In 1987, educational game developer Unicorn Software released a quaint little floppy disk tour of US history called All About America. Today, for the first time, All About America is playable online at the Internet Archive. It’s a quirky, sorta-glitchy look back at 80s gaming and how we viewed our nation’s history 31 years ago.
Made for the Apple II and other early personal computers, All About America comes on two 5.25-inch floppies, and teaches players with a combination of text and pixelated images. It takes them through 16 stories, starting with Columbus, through Lewis and Clark, noteworthy American inventions, and ending with space exploration and the idea that “someday, man may be able to travel from one planet to another.” It also includes quizzes and map-reading tests.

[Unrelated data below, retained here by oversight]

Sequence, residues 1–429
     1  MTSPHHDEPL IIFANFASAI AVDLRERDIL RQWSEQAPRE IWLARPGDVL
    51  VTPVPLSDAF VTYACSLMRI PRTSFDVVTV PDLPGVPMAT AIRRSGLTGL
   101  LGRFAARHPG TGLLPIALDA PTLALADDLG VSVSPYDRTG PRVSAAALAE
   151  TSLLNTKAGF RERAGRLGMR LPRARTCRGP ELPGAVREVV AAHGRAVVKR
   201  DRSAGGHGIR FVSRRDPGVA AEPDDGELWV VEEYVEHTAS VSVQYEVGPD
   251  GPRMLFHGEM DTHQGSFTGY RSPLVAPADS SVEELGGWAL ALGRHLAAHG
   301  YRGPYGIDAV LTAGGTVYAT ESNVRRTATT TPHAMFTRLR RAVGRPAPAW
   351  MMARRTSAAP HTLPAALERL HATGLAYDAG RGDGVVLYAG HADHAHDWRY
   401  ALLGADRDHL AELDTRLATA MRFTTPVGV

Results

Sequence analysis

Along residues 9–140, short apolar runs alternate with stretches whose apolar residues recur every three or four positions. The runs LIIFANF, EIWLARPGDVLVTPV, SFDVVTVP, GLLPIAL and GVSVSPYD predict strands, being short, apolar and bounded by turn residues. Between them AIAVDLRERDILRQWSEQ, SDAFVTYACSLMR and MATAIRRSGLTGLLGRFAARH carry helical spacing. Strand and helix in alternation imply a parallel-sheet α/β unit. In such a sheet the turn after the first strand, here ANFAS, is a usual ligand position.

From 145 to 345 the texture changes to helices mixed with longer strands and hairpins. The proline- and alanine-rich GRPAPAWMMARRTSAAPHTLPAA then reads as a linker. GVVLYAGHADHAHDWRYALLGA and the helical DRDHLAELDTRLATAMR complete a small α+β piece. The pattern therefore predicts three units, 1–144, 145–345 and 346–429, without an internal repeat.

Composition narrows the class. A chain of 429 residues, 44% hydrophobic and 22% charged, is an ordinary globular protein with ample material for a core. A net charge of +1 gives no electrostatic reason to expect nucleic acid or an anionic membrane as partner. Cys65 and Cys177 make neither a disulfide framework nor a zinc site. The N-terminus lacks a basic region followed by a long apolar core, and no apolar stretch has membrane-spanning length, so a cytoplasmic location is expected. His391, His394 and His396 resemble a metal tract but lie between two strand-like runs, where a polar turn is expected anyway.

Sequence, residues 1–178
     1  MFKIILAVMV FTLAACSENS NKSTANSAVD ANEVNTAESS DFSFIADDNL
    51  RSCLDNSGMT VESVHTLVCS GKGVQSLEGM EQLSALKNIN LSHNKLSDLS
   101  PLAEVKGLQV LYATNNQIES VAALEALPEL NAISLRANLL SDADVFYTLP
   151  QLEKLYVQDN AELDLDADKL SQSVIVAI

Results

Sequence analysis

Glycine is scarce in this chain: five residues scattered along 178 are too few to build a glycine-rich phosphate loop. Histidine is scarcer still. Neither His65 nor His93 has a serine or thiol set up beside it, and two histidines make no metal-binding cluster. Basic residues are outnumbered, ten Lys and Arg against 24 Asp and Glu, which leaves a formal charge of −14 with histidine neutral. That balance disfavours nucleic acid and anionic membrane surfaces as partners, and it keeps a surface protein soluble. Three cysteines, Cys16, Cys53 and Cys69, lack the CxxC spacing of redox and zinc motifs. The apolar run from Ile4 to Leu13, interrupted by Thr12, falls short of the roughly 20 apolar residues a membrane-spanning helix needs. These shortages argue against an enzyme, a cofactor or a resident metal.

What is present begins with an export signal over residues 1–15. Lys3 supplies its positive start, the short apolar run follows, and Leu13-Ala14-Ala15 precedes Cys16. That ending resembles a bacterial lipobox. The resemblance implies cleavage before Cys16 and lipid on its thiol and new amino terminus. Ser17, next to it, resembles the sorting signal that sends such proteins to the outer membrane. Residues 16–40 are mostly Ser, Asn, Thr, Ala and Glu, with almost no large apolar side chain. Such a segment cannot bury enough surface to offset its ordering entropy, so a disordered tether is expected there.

The copyright protection cracker known as 4a.m. uploaded the full game to the Internet Archive today. Previously, 4a.m. cracked an Easter Egg hidden in the 1983 game Gumball, and has cracked nearly 700 games, earning cult-hero status in the Apple II preservation community.
Motherboard asked 4a.m. in a Twitter direct message whether they timed the upload for midterm election day, and he said it was mostly a coincidence of the game coming in the mail a few days ago. “Seemed appropriate timing,” he said.
4a.m. also said that there was nothing out of the ordinary involved in cracking this game’s DRM to upload it to the archive—Unicorn Software used the same protection on all of their disks, he said.
All About America is definitely a dated look at our country’s history—America starts with Columbus, according to the game’s writers, and ends with the addition of Hawaii and Alaska as the 49th and 50th states—but it’s somewhat soothing to transport to a relatively simpler time.